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Archimedes number

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Title: Archimedes number  
Author: World Heritage Encyclopedia
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Subject: Dimensionless numbers in fluid mechanics, Galilei number, Fluid dynamics, Dimensionless quantity, Ohnesorge number
Collection: Archimedes, Dimensionless Numbers of Fluid Mechanics, Fluid Dynamics
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Archimedes number

In viscous fluid dynamics, the Archimedes number (Ar) (not to be confused with Archimedes' constant, π), named after the ancient Greek scientist Archimedes is used to determine the motion of fluids due to density differences. It is a dimensionless number defined as the ratio of external forces to internal viscous forces[1] and has the form:

\mathrm{Ar} = \frac{g L^3 \rho_\ell (\rho - \rho_\ell)}{\mu^2}


  • g is the local external field (for example gravitational acceleration), m/s2,
  • ρl is the density of the fluid, kg/m3,
  • ρ is the density of the body, kg/m3,
  • µ is the dynamic viscosity, kg/ms,
  • L is the characteristic length of body, m.

When analyzing potentially mixed heat convection of a liquid, the Archimedes number parametrizes the relative strength of free and forced convection. When Ar >> 1 natural convection dominates, i.e. less dense bodies rise and denser bodies sink, and when Ar << 1 forced convection dominates.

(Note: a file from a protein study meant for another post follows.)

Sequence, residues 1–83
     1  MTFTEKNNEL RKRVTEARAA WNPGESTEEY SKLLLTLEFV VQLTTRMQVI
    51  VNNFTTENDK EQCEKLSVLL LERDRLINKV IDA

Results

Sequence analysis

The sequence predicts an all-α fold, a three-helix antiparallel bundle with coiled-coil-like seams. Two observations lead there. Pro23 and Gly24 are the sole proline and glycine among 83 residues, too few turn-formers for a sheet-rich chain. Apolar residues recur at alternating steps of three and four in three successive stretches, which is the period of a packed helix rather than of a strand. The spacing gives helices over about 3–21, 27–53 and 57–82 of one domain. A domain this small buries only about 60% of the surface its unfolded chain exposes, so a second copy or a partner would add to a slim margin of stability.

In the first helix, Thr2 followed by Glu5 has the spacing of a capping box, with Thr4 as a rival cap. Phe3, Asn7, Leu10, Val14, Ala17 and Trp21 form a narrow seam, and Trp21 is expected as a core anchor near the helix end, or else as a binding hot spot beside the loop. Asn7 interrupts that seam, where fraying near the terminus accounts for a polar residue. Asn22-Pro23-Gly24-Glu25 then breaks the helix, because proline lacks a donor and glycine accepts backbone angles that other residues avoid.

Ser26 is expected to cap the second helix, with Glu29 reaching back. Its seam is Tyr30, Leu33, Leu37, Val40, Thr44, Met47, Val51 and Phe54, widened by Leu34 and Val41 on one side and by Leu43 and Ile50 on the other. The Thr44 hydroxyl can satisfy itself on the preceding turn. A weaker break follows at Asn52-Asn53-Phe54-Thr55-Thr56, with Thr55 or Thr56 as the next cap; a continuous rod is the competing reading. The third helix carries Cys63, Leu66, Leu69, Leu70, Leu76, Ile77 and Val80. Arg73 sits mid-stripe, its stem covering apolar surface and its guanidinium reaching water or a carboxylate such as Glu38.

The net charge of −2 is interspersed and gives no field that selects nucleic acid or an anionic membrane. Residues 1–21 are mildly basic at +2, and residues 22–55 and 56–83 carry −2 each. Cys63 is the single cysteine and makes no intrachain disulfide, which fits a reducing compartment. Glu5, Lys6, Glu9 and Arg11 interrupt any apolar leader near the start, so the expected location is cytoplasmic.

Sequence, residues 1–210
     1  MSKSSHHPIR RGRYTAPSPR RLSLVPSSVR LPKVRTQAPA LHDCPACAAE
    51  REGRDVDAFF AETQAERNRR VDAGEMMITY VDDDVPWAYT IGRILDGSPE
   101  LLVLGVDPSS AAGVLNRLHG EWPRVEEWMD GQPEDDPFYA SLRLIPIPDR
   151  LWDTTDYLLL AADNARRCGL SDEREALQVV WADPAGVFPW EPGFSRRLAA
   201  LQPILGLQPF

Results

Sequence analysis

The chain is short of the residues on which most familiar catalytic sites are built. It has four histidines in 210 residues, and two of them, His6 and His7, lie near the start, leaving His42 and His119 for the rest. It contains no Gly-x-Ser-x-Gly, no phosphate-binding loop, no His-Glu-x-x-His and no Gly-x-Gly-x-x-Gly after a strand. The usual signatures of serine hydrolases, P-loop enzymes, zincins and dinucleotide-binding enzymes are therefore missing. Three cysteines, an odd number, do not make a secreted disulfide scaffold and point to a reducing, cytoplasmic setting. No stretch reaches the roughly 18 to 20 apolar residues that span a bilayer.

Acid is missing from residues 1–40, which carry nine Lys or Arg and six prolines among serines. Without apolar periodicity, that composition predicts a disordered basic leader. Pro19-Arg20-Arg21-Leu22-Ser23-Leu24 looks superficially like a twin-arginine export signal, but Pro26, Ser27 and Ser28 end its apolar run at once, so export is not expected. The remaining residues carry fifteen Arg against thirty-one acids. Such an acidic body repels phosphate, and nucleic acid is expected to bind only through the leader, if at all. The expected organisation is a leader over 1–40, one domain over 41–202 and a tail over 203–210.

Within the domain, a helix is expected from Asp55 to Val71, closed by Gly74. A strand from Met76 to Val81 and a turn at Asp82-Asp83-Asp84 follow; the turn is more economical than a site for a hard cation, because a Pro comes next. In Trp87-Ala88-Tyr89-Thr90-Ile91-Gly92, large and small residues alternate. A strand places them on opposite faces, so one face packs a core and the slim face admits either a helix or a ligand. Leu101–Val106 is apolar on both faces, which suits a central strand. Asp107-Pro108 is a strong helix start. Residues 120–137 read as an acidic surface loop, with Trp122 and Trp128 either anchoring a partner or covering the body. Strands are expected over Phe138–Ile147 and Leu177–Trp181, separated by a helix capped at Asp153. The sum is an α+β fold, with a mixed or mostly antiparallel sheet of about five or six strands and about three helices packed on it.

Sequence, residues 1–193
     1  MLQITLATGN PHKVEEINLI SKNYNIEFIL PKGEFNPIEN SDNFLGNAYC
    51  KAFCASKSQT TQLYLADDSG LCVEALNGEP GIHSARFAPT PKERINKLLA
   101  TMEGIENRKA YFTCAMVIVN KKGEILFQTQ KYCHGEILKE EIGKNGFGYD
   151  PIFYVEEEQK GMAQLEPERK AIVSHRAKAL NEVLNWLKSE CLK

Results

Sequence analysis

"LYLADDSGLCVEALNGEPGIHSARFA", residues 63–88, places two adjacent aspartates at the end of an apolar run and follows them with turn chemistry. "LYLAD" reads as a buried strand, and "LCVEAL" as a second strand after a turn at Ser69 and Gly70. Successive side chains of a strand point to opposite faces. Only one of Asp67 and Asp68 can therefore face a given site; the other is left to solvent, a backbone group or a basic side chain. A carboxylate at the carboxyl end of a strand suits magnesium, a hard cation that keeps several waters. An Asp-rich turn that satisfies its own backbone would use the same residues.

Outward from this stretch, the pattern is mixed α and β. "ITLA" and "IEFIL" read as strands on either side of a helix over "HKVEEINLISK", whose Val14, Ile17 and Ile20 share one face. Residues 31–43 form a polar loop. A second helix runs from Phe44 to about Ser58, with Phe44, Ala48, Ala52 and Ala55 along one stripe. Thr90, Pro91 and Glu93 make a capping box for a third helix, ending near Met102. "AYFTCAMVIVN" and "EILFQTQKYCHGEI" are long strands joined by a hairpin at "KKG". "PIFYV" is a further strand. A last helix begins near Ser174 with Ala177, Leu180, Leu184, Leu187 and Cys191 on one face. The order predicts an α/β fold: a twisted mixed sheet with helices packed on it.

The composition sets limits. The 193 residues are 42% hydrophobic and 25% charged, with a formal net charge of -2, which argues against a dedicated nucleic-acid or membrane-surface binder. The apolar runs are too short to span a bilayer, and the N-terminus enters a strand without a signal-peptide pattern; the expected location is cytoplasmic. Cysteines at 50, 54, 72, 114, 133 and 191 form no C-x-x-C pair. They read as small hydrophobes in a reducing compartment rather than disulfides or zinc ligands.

When the density difference is due to heat transfer (e.g. fluid being heated and causing a temperature difference between different parts of the fluid), then we may write

\frac{\rho - \rho_0}{\rho_0} = \beta \left( T_0 - T \right)


  • β is the volumetric expansion coefficient, 1/K,
  • T is the temperature, K
  • subscript 0 refers to a reference point within the fluid body, usually the point of lowest or initial temperature.

Doing this gives the Grashof number, i.e. the Archimedes and Grashof numbers are equivalent but suited to describing situations where there is a material difference in density and heat transfer causes the density difference respectively. The Archimedes number is related to both the Richardson number and Reynolds number via

\mathrm{Ar} = \mathrm{Ri}\,\mathrm{Re}^2

See also


  1. ^ "Eric Weisstein's World of Physics". Retrieved 9 November 2012. 
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